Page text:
Everything you need to know about alcohol and gut health
In the early years of Nourished Life (my first company) I saw the incredible rise in awareness around gut health and the role it plays across so many vital parts of our body, even our mind. Dr Liz (pictured above) says that there are magical things happening in our guts.
What does it mean when we talk about ‘gut health’?
"In the past two decades, research has proven the links between gut health and the immune system, mood, mental health, autoimmune diseases, endocrine disorders and skin conditions," she explains.
Dr Liz tells me that although our 'gut' technically describes our gastrointestinal tract, more commonly called our stomach, small and large intestines.
"On any day and even at any hour we each have a unique health status. This is because we have more than 100 trillion bacteria, both good and bad, living inside our gut. The mixture of bacteria in your gut is different from everyone else’s mix. This is one major reason that one person can be healthier than others," she explains.
Dr Liz also notes that while genetic factors are important to our overall health, the science of epigenetics shows us that certain things, such as the environment and good bacteria, switch our genes on and off.
Anxiety and gut health
Studies have found that people who experience anxiety or have been diagnosed with depression improved their symptoms by regulating their gut using probiotics and healthy foods. "Moreover, adults who follow Mediterranean diets or balanced diets are less likely to suffer from depression compared to people who eat a lot of processed and junk foods," Dr Liz tells me.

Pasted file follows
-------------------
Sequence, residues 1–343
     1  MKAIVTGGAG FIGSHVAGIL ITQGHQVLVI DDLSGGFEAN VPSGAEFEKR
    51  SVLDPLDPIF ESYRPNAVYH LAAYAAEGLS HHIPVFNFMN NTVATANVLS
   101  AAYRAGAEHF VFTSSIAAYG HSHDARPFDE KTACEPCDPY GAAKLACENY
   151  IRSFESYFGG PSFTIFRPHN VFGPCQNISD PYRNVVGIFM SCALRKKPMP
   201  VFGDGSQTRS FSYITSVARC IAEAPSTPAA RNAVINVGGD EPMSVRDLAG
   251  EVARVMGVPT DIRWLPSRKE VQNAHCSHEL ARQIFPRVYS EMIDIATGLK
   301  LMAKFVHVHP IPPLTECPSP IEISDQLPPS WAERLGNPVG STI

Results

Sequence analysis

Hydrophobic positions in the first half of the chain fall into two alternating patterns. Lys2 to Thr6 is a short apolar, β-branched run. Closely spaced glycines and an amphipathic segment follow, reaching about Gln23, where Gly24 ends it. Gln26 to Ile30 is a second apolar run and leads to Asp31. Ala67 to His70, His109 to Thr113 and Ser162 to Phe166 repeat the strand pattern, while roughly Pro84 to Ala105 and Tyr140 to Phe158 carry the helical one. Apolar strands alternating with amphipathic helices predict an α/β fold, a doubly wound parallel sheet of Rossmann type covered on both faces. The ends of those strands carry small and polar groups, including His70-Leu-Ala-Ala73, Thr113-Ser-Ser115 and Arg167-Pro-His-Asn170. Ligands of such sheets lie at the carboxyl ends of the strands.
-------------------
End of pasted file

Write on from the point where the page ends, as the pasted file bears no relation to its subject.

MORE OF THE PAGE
This is how it works: Essentially, our gut and our brain 'talk' to one another. Compounds made by the good bacteria in our gut send signals to our brain that can influence our mood, food cravings and even how well we sleep.
Dr Liz notes that when we too much processed food and not enough fresh food, it can cause and/or worsen a wide range of health issues, such as neurological disorders, arthritis, autoimmune illnesses, fibromyalgia, chronic fatigue, multiple sclerosis, skin complaints, low fertility rates, GI infections, low sex drive, nutrient deficiency and more.
Alcohol and gut health
Alcohol has a negative impact on the amount and type of good gut bacteria in the gut.
"Alcohol in the small intestine inhibits the absorption of vitamins including folate and thiamine. It can also increase gut permeability meaning that toxins and bacteria can pass more freely from the gut into the circulatory system and cause inflammation in the body. This is associated with numerous mental conditions including depression," Dr Liz explians.
What can we do to improve gut health?
Dr Liz tells me that good nutrition is one thing that we can all do to improve our gut health.
"The first step to take is to reduce the amount of processed food, such as high fat/sugar products e.g. chips, chocolates, fast food, deep fried food, soft drink, lollies and anything with a super long ingredients list," she says.
There is more. Here are Dr Liz's top tips for improving gut health:
- Swap alcohol for good alternatives such as non alcoholic wine or mocktails. Reduce processed food and takeaway food. Reduce takeout food to a maximum twice a week.
- Add high fibre food such as fruits, vegetables, legumes, nuts, seeds and whole grains. At least half a plate of vegetables at each meal.
- Add probiotics to your diet. Probiotics include fermented dairy like yogurt and kefir. Other fermented foods are beneficial and include kimchi, sauerkraut, miso, tempeh and kombucha.
- Add Omega-3-fatty acids to your diet. One way to include omega-3-fatty acids is to have fatty fish like salmon (or vegan alternative like algae) at least twice a week.
- Get enough sleep. Not getting enough sleep can cause poor absorption of nutrients. Try to prioritize getting at least 7-8 hrs of uninterrupted sleep.